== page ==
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But it gets worse.  On June 27, Psychiatric Times linked on their Facebook site to the 10 Common Myths article by CPCH.  Here’s what Psychiatric Times said:

“There are many stigmas out there regarding Psychiatry, both good and bad.  Today, Cognitive Psychiatry will debunk 10 myths revolving around their practice.”

I can’t even imagine what’s meant by “…stigmas…both good and bad…”.  But setting that aside, it is clear that Psychiatric Times is endorsing CPCH’s efforts at myth debunking, and is also, presumably, endorsing the contents of the article – chemical imbalances (just like diabetes), and all.

And who, or what, one might ask, is Psychiatric Times?

Here’s what Wikipedia says:

“Psychiatric Times is a medical trade publication written for an audience involved in the profession of psychiatry.”

“Psychiatric Times was first published in January 1985 as a 16-page bimonthly publication. It was founded by psychiatrist John L. Schwartz and originally edited by Ronald Pies.” [Emphasis added]

On Psychiatric Times’ home page there’s a link called “Editorial Board.”  It you open this you’ll see that the second name on the list is none other than the very eminent psychiatrist Ronald Pies, MD.  He is also listed as one of the three editors-in-chief emeriti.

And this is the same Dr. Pies who described the chemical imbalance theory as “…a kind of urban legend – never a theory seriously propounded by well-informed psychiatrists.”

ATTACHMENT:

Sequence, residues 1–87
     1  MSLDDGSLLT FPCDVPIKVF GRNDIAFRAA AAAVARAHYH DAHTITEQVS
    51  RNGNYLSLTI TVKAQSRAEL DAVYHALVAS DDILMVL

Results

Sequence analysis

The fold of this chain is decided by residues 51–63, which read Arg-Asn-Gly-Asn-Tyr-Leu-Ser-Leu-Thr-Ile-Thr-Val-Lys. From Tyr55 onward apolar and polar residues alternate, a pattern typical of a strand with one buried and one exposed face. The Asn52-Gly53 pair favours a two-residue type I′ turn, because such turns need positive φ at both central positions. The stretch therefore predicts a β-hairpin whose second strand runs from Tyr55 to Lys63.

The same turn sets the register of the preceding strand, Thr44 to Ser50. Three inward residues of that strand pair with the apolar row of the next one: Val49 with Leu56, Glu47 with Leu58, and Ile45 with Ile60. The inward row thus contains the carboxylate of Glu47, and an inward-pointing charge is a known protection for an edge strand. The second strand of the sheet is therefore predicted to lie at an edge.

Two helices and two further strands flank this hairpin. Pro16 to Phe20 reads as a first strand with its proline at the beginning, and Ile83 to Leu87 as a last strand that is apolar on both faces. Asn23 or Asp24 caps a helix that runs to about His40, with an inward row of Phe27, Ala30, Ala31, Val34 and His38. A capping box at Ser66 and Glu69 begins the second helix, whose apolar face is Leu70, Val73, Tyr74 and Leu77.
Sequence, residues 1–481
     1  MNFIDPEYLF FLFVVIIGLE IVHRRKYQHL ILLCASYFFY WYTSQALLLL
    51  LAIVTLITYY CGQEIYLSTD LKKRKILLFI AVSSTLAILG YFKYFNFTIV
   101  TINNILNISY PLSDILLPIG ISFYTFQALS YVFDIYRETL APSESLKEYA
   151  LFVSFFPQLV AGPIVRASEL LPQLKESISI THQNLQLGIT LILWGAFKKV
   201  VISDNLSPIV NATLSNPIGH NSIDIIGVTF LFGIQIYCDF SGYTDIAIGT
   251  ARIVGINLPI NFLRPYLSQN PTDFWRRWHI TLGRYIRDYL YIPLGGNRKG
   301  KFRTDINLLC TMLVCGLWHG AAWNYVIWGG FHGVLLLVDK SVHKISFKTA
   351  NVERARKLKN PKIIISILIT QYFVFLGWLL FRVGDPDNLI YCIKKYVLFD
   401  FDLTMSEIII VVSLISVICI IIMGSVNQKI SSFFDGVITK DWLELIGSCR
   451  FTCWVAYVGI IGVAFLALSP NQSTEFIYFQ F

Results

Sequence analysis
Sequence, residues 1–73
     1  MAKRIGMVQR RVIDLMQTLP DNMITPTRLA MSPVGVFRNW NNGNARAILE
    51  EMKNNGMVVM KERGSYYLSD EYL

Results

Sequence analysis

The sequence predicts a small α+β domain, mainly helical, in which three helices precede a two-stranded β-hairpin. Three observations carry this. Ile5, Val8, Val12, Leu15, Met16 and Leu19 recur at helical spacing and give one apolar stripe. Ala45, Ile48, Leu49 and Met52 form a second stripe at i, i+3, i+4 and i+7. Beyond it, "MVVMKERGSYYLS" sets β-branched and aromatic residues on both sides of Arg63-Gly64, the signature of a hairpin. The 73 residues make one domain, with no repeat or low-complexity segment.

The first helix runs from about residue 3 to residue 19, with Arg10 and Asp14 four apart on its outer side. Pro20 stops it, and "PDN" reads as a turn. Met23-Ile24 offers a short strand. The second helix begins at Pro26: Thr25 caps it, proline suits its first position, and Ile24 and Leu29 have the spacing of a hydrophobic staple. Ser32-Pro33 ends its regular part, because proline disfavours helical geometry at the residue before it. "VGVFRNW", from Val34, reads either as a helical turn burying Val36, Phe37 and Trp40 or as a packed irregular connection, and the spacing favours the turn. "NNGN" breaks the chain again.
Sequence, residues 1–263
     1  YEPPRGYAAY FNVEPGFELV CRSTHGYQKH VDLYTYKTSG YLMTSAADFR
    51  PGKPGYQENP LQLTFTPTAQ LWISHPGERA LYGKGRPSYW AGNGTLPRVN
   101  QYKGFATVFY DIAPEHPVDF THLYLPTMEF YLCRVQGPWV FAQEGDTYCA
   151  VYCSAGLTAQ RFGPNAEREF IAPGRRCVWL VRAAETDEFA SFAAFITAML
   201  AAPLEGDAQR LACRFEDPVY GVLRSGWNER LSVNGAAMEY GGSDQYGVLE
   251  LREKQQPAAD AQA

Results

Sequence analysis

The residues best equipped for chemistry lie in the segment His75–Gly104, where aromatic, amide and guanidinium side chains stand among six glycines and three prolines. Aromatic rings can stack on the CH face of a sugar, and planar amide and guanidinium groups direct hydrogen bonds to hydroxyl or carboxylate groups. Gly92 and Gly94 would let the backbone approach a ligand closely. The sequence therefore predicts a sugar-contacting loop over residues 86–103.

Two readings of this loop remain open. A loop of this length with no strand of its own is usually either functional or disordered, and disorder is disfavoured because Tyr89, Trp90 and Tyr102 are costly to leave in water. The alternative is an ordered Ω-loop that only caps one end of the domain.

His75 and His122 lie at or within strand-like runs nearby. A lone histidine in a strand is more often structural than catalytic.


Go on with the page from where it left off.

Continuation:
Well, as an “urban legend,” it’s proving remarkably resilient.  And it’s proving resilient because it has indeed been promoted by psychiatrists.  And it is still being promoted by psychiatrists, including, at least in this instance, the Psychiatric Times editors.

On one matter, however, I am in complete agreement with Dr. Pies.  The psychiatrists concerned are definitely not well-informed.

‘ADHD’ and Dangerous Driving

In 2006, Laurence Jerome, a Canadian psychiatrist, and two colleagues wrote a paper titled What We Know About ADHD and Driving Risk: A Literature Review, Meta-Analysis and Critique.  It was published in the Journal of the Canadian Academy of Child and Adolescent Psychiatry in August, 2006. The primary result of the meta-analysis was:

“Current data support the utility of stimulant medication in improving driving performance in younger ADHD drivers.”

The study is lengthy and well-referenced, but in keeping with standard psychiatric practice, it conceptualizes and presents ADHD as a “…common psychiatric disorder…” with symptoms of “…inattention, impulsiveness and hyperactivity…”  In other words, they present ADHD as something that a person has rather than as something that a person does. The problem with this approach is that it creates the impression that meaningful or significant correlations/effects have been found, where in fact all that has happened is an elucidation of the terms used.

For instance, the authors refer to a study by Fried et al. (2006) and state:

“Fried et al. (2006) evaluated driving behavior using the DBQ [Driving Behavior Questionnaire] and found that the ADHD group had significantly more lapses, errors and violations than controls.”

On the face of it, this looks like an interesting finding.  It purports to be an important fact that has been discovered about people who have this condition.  But in reality, lapses, errors, and violations are an integral part of the definition of ADHD.  The DSM criteria includes:  careless mistakes; difficulty remaining focused; mind seems elsewhere; easily distracted; forgetful; etc…  One doesn’t get into this group in the first place without a history of habitual lapses, errors, and violations.  The fact that these habitual lapses and errors carry over into a person’s driving behavior isn’t particularly surprising.

There are several other examples of this in Jerome et al., e.g.: